Thursday, February 10, 2005

I'm going to the opera!

New tactics from PETA:
They've spent years burning fur coats and tossing paint at people wearing them. But today, the Norfolk-based animal-rights group PETA tried something completely different -— handing out dozens of furs to homeless people at a Washington, D.C., shelter.
This makes a lot of sense to me. Fur is great for warmth, that's why animals wear it. And who needs a warm coat more than the homeless? If fur coats were to become part of the standard homeless uniform, that would probably be more effective than any advertising campaign PETA could dream up. Here's a quote from another story:
"I'm going to the opera!" joked Marie Ravix, snatching up a dramatic, long brown fur coat with delight as animal rights group PETA handed the symbols of sartorial luxury to the homeless poor.

Wednesday, February 09, 2005

Price Indexing

Tyler Cowen has a good post on proposals to freeze social security benefits (in real terms).

Thursday, February 03, 2005

Notes from someone who didn't watch the speech

I only caught the very end of the state of the union address, and I only read part of the transcript. Nevertheless I have a couple of comments.

  • Bush's stated intentions with regard to Social Security sounded a lot more reasonable than I expected. His descriptions of the problems in the system were pretty fair. He put the issue of limiting the growth in benefits in the forefront, and only later talked about private accounts. And he labeled those accounts as a way of making the system a better deal for younger workers in tandem with the necessary benefit reductions. I still think it's a bit misleading to use words like "bankrupt" to describe the Social Security problem, but overall I thought this was responsible rhetoric and better than some of what I've heard before from the administration on the topic. Now if he could just get this worked up about the current deficit...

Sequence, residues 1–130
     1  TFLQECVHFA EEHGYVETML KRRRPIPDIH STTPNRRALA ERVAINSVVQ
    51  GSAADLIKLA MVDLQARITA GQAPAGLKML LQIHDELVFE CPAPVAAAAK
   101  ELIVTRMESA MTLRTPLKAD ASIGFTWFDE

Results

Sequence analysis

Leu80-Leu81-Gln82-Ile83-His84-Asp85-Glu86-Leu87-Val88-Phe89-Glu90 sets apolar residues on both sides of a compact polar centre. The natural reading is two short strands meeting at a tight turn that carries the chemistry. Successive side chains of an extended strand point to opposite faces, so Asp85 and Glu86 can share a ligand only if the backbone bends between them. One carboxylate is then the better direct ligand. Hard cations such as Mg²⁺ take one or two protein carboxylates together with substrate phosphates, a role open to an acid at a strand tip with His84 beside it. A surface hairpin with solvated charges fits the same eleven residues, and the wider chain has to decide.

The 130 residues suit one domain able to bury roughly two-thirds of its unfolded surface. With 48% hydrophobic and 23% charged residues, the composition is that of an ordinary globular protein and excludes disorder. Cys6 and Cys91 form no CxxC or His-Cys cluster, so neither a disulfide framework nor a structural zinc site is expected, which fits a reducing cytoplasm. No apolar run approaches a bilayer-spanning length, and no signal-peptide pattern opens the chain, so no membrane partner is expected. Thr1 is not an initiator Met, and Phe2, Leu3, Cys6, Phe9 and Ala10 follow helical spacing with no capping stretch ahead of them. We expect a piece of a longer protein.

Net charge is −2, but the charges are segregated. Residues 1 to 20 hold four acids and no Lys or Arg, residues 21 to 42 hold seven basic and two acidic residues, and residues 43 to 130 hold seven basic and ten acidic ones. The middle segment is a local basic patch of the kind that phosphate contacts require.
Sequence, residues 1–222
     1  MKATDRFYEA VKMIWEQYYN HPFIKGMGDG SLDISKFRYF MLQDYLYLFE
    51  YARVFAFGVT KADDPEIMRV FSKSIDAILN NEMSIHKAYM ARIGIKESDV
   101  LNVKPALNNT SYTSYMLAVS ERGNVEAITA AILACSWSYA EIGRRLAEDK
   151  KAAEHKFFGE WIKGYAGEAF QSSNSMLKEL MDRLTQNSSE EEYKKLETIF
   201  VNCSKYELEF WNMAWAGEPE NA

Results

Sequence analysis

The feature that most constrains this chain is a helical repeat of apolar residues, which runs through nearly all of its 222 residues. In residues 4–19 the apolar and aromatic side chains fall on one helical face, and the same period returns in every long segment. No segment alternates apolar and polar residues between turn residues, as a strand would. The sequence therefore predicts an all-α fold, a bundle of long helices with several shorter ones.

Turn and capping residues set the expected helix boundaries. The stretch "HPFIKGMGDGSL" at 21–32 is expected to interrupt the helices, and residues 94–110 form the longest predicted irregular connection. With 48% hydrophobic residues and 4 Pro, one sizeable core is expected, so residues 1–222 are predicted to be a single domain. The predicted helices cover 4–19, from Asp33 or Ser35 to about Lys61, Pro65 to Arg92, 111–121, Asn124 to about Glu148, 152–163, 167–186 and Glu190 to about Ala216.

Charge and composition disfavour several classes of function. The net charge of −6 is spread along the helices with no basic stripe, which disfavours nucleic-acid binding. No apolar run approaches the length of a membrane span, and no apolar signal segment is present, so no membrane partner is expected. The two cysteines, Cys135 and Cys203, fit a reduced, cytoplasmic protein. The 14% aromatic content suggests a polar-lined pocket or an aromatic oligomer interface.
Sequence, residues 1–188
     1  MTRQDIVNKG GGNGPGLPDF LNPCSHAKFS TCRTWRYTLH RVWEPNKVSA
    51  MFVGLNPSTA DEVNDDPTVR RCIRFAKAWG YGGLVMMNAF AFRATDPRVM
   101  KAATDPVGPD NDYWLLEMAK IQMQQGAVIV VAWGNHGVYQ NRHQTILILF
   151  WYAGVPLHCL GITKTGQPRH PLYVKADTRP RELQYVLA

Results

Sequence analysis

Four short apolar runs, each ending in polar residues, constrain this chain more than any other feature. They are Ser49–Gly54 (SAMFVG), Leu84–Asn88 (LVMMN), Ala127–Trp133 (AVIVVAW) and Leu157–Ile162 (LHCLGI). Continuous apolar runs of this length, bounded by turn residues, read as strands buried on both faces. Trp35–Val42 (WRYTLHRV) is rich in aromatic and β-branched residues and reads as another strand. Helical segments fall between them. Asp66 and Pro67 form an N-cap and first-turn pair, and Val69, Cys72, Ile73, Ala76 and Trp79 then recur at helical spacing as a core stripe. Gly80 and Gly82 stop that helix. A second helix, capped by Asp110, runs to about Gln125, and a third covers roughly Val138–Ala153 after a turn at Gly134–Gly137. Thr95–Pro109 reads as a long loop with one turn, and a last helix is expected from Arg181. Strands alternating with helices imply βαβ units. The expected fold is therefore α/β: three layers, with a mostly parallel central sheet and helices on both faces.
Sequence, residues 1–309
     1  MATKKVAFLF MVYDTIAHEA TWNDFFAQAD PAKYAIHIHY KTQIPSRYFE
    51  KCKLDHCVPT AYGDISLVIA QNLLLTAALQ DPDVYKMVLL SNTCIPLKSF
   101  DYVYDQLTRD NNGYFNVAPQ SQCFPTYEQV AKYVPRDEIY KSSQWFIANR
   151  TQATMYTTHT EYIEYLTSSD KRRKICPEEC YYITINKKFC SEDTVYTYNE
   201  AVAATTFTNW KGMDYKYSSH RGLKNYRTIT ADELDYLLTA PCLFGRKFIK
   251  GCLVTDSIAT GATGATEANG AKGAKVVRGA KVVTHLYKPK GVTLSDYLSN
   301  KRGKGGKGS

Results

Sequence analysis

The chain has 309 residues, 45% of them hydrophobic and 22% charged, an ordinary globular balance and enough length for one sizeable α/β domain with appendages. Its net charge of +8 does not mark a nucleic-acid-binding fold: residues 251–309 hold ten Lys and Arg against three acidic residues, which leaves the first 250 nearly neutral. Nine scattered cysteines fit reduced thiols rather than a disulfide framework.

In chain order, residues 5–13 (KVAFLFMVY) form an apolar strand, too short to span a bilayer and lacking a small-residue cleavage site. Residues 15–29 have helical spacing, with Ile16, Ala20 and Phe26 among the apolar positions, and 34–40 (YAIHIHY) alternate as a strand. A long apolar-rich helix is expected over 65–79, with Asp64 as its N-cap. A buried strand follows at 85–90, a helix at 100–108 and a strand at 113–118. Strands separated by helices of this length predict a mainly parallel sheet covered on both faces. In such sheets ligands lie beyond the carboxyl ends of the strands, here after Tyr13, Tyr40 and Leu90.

• The Democratic response from Sen. Harry Reid was such a pile of claptrap that it was difficult to watch. Here's an excerpt:
    Ding, dong. The sound of the Liberty Bell. Ding. Freedom. Dong. Opportunity. Ding. Excellent schools. Dong. Quality hospitals.
    Oh, wait, sorry...that's actually an entry in an essay contest for children under twelve from an episode of The Simpsons. But it's remarkably close both spirit and content to the remarks offered by Reid.
  • Tuesday, February 01, 2005

    Civics teachers needed

    I was surprised to read this morning about a study showing that American high school students are ignorant and ambivalent about the rights guaranteed in the first amendment.
    [W]hen told of the exact text of the First Amendment, more than one in three high school students said it goes "too far" in the rights it guarantees. Only half of the students said newspapers should be allowed to publish freely without government approval of stories.
    That last sentence is especially surprising. I'm concerned, but skeptical. If the study is accurate, it's interesting that this all takes place against a backdrop of a society that has adopted an increasingly expansive view of "rights" over the past decades. Perhaps this can lead to the erosion of support for more basic constitutional rights.